When Buying A Condo Beware Of The Transitory View

“There is nothing permanent except change.” The best real estate advice when buying a condo in a downtown Chicago high rise may have come from Heraclitus around 2500 years ago. Just because a condo has a great view today doesn’t mean it will have a great view tomorrow. The Chicago skyline is constantly changing and you never know what is going to be torn down to make way for a much taller building that will destroy your million dollar view.
When searching for a condo with a great view the number one question that buyers often have (at least they should have this question) is what could be built outside their windows. A good sign: your windows look out over a park or a historic building or you’re right on the lake or river. A bad sign: your windows look out over a parking lot/ garage or a cruddy building or, God forbid, a vacant lot. And don’t be fooled by a little sliver of land that looks too narrow to build anything on. You’d be surprised what these developers will build on.
However, your judgment in these matters will be clouded by realtors attempting to close a sale by sharing all sorts of “expert opinions” on the permanence of a particular view: “This area has a zoning restriction so buildings can’t be taller than _____” or “That building is only going to be_____stories tall” or “That land belongs to_______ so they will never build on it” or “3 developers tried to get a building approved for that location but the alderman keeps blocking it”. I’ve heard them all.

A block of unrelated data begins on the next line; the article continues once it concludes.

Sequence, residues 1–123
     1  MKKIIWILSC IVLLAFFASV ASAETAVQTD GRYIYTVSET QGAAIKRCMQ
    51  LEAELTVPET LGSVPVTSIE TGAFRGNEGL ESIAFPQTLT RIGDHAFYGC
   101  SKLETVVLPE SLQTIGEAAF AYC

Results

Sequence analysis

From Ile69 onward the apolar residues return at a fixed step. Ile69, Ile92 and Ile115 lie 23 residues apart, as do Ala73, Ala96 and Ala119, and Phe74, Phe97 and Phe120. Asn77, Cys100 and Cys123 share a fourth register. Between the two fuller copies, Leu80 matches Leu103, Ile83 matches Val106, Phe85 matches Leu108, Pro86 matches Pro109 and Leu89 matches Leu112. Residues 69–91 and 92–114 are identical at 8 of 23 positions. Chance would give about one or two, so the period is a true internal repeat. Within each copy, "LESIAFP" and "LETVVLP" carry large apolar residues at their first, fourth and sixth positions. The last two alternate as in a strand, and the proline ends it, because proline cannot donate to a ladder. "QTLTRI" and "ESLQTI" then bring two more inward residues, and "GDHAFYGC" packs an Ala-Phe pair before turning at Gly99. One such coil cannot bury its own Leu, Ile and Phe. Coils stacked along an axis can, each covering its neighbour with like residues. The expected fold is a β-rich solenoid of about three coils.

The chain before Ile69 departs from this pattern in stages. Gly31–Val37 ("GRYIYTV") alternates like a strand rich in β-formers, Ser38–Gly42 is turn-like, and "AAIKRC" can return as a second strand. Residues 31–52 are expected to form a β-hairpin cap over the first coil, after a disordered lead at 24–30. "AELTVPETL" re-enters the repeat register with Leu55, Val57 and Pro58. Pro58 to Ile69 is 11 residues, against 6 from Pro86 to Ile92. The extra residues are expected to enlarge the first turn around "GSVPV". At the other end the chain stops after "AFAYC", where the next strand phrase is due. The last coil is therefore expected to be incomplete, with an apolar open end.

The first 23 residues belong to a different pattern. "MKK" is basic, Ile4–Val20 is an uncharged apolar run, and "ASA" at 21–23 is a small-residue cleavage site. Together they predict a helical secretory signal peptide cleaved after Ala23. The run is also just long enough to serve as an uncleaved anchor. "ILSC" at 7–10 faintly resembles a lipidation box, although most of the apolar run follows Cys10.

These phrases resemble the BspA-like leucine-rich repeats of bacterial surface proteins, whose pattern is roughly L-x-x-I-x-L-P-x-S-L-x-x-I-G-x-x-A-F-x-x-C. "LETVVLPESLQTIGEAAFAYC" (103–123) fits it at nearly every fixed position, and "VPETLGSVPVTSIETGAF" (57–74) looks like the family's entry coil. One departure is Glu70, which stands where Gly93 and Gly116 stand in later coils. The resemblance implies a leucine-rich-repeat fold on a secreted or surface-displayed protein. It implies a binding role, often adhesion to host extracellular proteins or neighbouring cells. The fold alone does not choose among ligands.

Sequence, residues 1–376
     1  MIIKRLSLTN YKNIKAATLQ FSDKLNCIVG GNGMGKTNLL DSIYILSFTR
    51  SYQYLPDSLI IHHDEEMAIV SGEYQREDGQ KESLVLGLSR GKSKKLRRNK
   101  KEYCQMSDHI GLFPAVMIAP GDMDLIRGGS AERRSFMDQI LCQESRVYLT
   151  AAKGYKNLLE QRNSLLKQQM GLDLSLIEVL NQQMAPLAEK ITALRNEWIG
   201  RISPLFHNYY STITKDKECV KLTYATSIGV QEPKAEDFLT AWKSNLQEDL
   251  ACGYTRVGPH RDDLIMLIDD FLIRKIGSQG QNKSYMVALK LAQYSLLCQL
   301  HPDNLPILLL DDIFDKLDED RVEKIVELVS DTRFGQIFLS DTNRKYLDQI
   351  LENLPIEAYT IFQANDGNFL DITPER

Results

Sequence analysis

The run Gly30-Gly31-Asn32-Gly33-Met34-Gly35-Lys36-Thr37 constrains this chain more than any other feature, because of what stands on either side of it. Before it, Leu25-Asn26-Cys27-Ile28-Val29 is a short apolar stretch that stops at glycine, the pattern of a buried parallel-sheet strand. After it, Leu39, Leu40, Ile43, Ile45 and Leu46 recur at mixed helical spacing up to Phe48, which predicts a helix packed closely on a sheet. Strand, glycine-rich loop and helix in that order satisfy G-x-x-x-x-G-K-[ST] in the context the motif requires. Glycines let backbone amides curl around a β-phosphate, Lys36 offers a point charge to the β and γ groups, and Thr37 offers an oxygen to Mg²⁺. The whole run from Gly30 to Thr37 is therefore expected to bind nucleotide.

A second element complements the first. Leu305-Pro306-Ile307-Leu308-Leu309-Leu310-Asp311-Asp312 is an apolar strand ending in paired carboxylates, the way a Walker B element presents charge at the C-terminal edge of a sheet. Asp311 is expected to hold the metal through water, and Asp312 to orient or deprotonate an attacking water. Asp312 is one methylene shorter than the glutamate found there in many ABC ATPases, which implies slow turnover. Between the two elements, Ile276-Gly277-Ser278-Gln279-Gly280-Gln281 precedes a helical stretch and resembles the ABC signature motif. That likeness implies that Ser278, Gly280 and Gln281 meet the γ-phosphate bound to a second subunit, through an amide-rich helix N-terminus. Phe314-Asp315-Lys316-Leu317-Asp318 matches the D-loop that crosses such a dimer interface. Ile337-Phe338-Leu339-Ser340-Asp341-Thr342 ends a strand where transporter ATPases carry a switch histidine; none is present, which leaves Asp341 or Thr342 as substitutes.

Well, realtors really need to be careful with what they say because it’s a flagrant violation of the Illinois Real Estate License Act to just make stuff up or assert as fact something you can’t be totally sure of: “Licensees shall treat all customers honestly and shall not negligently or knowingly give them false information.” In fact, there have been cases of buyers suing realtors for misrepresenting the permanence of a view. Crain’s recently reported on two such lawsuits involving disappearing views in Chicago.
The first lawsuit goes back to 2004 when two buyers sued the Fordham‘s developer for failing to disclose construction of a high rise next door. The second lawsuit, for $50,000, was recently filed by two law professors from the University of Chicago (talk about picking the wrong buyers to tangle with!) who bought unit 3702 at 600 N Fairbanks in Streeterville for $1.05 MM in August. The listing agent allegedly “assured them an adjacent medical office building planned by Northwestern University Hospital would only reach 24 stories” when in fact it will rise to the 36th floor of their building. In addition, the listing agent and the seller “allegedly told the plaintiffs not to discuss the purchase with building management or residents once it went under contract, keeping the plaintiffs from discovering the true height of the tower before closing”.
If this latter claim is true it’s just plain weird. I could almost understand trying to keep buyers away from other residents but trying to keep them away from the building management? I actually try to encourage my buyers to talk to the building manager and having a listing agent trying to block that would be a huge red flag.
When you’re talking about whether or not a view will be blocked it’s caveat emptor big time. The only way to protect yourself from the cacophony of wisdom spewing from realtors’ mouths is to listen to it with a large nugget of salt. Either have your realtor research it further (unless they’re the one making the claims) or research it yourself. That means checking the zoning or calling the alderman’s office or just applying some basic logic.

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